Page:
UKZN: Another statue, same revolution?
Originally Posted in Mail & Guardian
Defacing colonial-era statues in the name of transformation is not the revolution – it’s just a symbol of it. But don’t let critics of the student protests that are rocking South Africa persuade you that this part isn’t as crucial to revolutionising racial and cultural representation at universities as the other parts are – the debates, the policy changes and the employment of more black academics. Every protest needs a face. The face of this one is all about defacing those made of stone and as rock-hard as the white privilege belief system standing in the way of real change.
And now there is a new defaced face to add to the face of the movement. It belongs to the statue of King George V at the University of KwaZulu-Natal. On Thursday students discovered that someone had thrown white paint on it and attached a sign to it that reads: “end white privilege” on its statue of King George V. This was the ruler of the United Kingdom for more than twenty years until his death in 1936 – the empire that colonised South Africa.
Over the last two weeks social media feeds have been filled with photos of the Cecil John Rhodes statue, which occupies a prime position at the University of Cape Town. The statue’s face is covered by black plastic bags, and at the start of the protests over its removal in early March, it dripped with human faeces courtesy of an angry student.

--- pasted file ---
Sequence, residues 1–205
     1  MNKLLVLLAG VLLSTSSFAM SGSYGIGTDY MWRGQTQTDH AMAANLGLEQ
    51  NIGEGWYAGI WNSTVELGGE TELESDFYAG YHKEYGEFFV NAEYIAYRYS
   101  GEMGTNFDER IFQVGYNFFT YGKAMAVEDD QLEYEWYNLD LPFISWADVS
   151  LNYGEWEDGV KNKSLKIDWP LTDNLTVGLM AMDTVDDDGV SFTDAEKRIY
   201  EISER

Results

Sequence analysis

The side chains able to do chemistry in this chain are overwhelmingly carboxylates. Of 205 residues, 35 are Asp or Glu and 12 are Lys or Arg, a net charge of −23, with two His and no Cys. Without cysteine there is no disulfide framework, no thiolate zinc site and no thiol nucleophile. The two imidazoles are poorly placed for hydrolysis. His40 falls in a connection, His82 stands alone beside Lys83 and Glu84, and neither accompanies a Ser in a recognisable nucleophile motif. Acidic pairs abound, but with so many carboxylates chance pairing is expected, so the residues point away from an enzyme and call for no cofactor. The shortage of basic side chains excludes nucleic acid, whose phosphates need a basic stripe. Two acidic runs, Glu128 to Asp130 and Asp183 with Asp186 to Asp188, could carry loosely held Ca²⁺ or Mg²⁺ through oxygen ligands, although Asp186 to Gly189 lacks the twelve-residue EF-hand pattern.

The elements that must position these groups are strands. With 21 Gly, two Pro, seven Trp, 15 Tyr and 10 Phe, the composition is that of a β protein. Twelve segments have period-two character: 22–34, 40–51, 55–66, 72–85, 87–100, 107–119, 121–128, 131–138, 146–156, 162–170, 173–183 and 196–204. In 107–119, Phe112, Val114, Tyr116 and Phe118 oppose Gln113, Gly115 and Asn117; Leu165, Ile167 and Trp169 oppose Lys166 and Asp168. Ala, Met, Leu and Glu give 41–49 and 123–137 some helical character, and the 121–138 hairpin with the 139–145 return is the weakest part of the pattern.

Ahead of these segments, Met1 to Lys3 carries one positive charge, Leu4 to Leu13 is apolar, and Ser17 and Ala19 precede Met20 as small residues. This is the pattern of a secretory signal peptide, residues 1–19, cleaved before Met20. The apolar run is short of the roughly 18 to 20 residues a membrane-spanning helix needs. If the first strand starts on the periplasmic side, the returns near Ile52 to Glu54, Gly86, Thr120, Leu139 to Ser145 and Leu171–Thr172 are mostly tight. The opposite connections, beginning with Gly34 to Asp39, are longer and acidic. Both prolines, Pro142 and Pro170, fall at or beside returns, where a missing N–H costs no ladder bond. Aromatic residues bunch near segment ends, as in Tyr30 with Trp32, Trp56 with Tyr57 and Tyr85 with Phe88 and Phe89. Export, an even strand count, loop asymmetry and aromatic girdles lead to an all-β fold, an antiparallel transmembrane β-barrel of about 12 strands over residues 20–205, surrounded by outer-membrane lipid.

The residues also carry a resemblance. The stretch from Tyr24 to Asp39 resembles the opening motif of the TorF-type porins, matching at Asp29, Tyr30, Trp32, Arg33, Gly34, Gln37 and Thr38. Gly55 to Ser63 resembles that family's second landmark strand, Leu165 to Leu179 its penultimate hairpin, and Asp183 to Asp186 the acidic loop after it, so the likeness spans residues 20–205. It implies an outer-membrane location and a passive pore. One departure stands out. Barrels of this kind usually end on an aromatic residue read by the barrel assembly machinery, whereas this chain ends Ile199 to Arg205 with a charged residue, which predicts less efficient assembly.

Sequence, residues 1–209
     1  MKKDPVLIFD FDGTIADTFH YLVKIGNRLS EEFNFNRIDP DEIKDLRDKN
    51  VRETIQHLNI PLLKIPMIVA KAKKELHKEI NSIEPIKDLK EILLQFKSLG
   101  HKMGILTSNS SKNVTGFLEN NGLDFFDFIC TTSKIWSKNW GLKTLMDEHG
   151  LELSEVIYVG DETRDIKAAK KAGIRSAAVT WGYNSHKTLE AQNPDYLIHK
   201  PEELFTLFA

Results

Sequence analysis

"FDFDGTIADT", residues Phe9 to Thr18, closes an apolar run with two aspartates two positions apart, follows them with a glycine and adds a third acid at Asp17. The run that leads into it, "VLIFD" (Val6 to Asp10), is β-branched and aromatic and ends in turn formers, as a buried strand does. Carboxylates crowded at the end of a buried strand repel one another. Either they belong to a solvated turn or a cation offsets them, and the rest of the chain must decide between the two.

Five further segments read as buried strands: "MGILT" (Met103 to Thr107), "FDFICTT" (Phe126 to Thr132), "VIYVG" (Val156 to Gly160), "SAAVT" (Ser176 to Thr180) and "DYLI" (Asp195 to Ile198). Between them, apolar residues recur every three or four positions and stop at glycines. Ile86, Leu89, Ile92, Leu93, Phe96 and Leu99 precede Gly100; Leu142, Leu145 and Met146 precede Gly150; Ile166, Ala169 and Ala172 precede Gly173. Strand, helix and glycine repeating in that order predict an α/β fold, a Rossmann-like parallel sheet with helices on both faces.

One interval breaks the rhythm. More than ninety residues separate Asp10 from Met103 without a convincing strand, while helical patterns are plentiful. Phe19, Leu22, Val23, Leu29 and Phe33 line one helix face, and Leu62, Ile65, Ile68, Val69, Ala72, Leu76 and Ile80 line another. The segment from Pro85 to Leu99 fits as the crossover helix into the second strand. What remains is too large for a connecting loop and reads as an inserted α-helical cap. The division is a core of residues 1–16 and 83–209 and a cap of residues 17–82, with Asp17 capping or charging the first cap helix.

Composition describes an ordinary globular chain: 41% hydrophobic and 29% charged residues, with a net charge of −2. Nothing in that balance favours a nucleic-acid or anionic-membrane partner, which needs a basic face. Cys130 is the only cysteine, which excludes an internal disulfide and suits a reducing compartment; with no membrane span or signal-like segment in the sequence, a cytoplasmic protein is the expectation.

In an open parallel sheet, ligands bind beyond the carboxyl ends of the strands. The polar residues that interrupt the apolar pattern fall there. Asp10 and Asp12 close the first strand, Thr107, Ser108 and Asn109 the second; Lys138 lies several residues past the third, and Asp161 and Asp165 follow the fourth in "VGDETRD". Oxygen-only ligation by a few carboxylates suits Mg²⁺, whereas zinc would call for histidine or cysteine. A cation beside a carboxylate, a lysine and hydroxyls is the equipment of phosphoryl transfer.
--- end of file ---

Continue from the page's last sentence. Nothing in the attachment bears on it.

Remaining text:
Rhodes University has a less physical face to deface. It is contending with the prospect of calling for its institution to change its clearly colonial-era name. In the meantime, it is making its anger about white privilege known.
The revolution, as some students refer to it as, has now bled into other universities, and has received very different reactions. What seemed to start as a frenzied throwing of faeces at a statue at UCT, has now turned into a seemingly well-supported and structured movement at the university. Rhodes University has a smaller grouping but has pledged its passionate support for the UCT movement by holding solidarity marches.
But students at UKZN have so far expressed shock and confusion about the defacing of their colonial statue and no one has claimed responsibility for the act. This “revolution” is colourful, layered, and it changes pace almost every day. What we will wait for now is to see how far its blood seeps into other formerly white institutions like Stellenbosch University, for example.
Until then, no statue’s face is safe. And maybe it shouldn’t be.